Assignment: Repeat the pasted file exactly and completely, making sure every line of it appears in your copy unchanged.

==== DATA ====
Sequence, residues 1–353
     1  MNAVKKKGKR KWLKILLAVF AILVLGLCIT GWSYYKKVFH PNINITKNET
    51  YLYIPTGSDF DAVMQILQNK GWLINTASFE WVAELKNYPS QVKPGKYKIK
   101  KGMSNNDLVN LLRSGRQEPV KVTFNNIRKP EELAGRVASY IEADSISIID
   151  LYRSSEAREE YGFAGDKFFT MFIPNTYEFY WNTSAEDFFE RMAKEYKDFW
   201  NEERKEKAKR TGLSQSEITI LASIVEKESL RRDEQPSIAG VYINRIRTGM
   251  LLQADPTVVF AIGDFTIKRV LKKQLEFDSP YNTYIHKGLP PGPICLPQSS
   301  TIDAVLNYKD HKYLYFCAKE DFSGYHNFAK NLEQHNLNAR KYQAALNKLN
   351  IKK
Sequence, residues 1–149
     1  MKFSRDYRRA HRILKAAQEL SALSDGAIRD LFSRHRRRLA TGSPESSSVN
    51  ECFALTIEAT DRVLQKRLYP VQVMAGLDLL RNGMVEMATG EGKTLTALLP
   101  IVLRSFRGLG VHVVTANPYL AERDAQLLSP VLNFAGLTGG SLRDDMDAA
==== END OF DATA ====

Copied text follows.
Sequence, residues 1–353
     1  MNAVKKKGKR KWLKILLAVF AILVLGLCIT GWSYYKKVFH PNINITKNET
    51  YLYIPTGSDF DAVMQILQNK GWLINTASFE WVAELKNYPS QVKPGKYKIK
   101  KGMSNNDLVN LLRSGRQEPV KVTFNNIRKP EELAGRVASY IEADSISIID
   151  LYRSSEAREE YGFAGDKFFT MFIPNTYEFY WNTSAEDFFE RMAKEYKDFW
   201  NEERKEKAKR TGLSQSEITI LASIVEKESL RRDEQPSIAG VYINRIRTGM
   251  LLQADPTVVF AIGDFTIKRV LKKQLEFDSP YNTYIHKGLP PGPICLPQSS
   301  TIDAVLNYKD HKYLYFCAKE DFSGYHNFAK NLEQHNLNAR KYQAALNKLN
   351  IKK
Sequence, residues 1–149
     1  MKFSRDYRRA HRILKAAQEL SALSDGAIRD LFSRHRRRLA TGSPESSSVN
    51  ECFALTIEAT DRVLQKRLYP VQVMAGLDLL RNGMVEMATG EGKTLTALLP
   101  IVLRSFRGLG VHVVTANPYL AERDAQLLSP VLNFAGLTGG SLRDDMDAA